Overworked and underappreciated, Georgia fills a “Book of Possibilities” scrapbook with places she wants to go, meals she creates but never eats, and photos of her crush and co-worker, Sean. When a bump on the head leads to a terminal diagnosis, Georgia quits her job, drains her bank account, and heads off to Prague to live life to the fullest before she dies. While there, she begins to charm those around her while coming face to face with the arrogant owner of the department store where she recently quit.
Queen Latifah is really a joy to watch. I liked Just Wright a lot, and she was hilarious in Bringing Down the House. As Georgia, Latifah truly carries the movie on her shoulders. Georgia is probably the only one who doesn’t feel like a stock character. The rest are simply people whose lives need changing and Georgia is the one to do it, whether she realizes it or not. LL Cool J plays Sean, Georgia’s crush who obviously returns her affection, and he’s pretty adept at the wide-eyed bashfulness that seems to embody his character.
Timothy Hutton is Mr. Kragen, owner of Kragen Department Stores. I’m not quite sure that I bought the “conflict” of the movie where Kragen believes Georgia is some ruthless mastermind out to… do what? Destroy his company? Cut in on a profitable deal? To be completely honest, I got sort of lost in that whole subplot and frankly, it felt unnecessary.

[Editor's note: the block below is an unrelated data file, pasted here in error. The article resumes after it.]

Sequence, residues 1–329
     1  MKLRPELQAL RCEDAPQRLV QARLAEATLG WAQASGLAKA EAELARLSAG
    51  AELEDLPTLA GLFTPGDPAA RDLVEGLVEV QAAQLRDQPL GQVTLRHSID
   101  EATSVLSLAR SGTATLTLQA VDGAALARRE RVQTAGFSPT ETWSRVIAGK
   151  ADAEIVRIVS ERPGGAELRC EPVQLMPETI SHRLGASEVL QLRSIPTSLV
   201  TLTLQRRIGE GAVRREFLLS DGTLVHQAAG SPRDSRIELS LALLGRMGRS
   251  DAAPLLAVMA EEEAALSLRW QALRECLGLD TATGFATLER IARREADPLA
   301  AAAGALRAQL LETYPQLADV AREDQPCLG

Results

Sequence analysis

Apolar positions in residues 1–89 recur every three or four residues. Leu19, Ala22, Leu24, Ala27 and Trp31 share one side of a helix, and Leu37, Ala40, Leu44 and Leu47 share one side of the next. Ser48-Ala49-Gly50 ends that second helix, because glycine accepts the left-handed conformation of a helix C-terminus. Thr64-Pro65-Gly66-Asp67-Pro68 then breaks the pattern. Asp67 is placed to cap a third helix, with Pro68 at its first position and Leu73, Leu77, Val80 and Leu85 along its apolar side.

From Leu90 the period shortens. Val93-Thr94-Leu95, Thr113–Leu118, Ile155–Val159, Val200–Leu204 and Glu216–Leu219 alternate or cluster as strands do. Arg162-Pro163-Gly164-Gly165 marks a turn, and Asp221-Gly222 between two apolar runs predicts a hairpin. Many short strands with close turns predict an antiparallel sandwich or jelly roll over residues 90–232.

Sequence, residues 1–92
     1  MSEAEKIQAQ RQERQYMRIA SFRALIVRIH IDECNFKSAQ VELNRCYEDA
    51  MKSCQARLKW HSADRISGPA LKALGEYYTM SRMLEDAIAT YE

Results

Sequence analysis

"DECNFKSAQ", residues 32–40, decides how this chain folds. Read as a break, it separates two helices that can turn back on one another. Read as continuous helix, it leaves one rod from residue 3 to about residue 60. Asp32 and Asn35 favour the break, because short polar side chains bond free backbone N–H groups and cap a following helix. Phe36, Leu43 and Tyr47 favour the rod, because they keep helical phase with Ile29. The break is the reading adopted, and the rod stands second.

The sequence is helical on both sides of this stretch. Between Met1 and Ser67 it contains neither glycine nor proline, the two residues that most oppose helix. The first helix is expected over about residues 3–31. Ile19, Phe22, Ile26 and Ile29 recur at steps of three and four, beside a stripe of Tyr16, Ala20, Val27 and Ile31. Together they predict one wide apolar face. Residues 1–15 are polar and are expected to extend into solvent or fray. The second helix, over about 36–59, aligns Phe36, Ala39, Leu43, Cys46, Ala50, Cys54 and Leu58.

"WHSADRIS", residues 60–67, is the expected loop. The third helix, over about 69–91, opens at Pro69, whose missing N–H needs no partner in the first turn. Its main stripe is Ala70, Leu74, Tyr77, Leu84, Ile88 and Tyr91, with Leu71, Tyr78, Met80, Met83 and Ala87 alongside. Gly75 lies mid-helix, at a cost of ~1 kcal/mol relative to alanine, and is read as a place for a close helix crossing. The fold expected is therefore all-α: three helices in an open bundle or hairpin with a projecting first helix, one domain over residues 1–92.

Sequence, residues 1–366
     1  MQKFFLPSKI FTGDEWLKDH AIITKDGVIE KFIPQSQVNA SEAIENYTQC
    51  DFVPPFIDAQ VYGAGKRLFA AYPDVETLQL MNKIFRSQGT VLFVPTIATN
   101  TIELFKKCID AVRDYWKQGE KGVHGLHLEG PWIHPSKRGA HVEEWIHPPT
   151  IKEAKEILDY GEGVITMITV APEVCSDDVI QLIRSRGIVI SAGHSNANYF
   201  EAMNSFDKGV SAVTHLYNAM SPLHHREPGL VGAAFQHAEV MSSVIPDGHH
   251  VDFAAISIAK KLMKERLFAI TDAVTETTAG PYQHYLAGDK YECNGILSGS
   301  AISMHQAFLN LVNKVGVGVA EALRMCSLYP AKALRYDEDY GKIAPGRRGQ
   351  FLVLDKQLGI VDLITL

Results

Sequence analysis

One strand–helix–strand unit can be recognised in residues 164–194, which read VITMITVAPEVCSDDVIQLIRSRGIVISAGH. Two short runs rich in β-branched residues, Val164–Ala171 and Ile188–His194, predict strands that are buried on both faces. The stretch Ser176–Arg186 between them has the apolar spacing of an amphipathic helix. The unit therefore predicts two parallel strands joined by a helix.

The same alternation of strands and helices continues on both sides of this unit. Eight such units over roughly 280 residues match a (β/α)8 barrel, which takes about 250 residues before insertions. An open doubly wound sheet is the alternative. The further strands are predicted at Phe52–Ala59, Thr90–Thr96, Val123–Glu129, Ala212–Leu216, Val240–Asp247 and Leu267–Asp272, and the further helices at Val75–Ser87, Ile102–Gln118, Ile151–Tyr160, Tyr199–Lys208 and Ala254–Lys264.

Kragen spends most of the movie scowling and trying to match Georgia’s enthusiasm for life to prove some kind of point, but it felt a bit lazy. I don’t think the movie necessarily needed a villain. Given Georgia never lies about who she is, the whole “ah-ha! I’m going to reveal your true identity to everyone!” climax was… well, anti-climactic. Georgia didn’t have anything at stake to lose.
All that aside, it was still an enjoyable movie, especially for the holiday. The Prague scenes were beautiful and it was fun to watch Georgia do whatever she wanted and try new things. Isn’t that what we would all love to do at some point in our lives? Say screw it, drain our meager bank accounts, and see the world? There is a dark cloud hovering over Georgia’s journey… she’s been diagnosed with a terminal illness, but I think we can all see where this particular plotline is going from the very beginning. But it’s fine! Last Holiday is meant to be a light-hearted comedy for the holidays and that’s exactly what it is. It’s also loosely based on the 1950 film of the same name, where a sales clerk is told he has Lampington’s Disease and only has weeks to live. Be glad it’s not a full-on remake because the end of the 1950 film is quite bleak!
I would recommend Last Holiday for Queen Latifah alone, but it’s an entertaining film about living life to the fullest and turning all of those possibilities into reality.